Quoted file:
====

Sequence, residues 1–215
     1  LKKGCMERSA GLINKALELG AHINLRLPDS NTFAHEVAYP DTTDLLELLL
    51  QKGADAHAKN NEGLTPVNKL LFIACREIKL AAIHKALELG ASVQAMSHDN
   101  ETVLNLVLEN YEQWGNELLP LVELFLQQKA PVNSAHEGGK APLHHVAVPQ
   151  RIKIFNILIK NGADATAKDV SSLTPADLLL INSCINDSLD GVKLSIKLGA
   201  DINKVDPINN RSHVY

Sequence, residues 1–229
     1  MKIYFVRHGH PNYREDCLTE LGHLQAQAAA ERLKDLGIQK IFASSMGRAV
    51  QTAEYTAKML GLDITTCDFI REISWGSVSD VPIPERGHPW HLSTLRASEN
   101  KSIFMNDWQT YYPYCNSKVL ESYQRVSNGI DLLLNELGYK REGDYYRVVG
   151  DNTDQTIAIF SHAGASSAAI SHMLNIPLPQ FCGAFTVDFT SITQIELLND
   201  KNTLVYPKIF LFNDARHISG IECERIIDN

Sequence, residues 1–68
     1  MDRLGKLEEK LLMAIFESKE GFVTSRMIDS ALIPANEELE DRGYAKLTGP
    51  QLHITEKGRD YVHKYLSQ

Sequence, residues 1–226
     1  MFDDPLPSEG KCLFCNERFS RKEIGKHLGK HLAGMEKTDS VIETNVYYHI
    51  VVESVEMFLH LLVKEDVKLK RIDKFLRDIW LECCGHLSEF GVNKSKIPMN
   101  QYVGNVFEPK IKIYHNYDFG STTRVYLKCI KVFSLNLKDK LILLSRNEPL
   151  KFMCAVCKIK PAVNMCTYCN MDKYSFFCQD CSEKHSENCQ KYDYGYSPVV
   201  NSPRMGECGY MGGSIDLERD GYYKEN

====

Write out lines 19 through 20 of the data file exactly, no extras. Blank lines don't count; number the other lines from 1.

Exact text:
   101  QYVGNVFEPK IKIYHNYDFG STTRVYLKCI KVFSLNLKDK LILLSRNEPL
   151  KFMCAVCKIK PAVNMCTYCN MDKYSFFCQD CSEKHSENCQ KYDYGYSPVV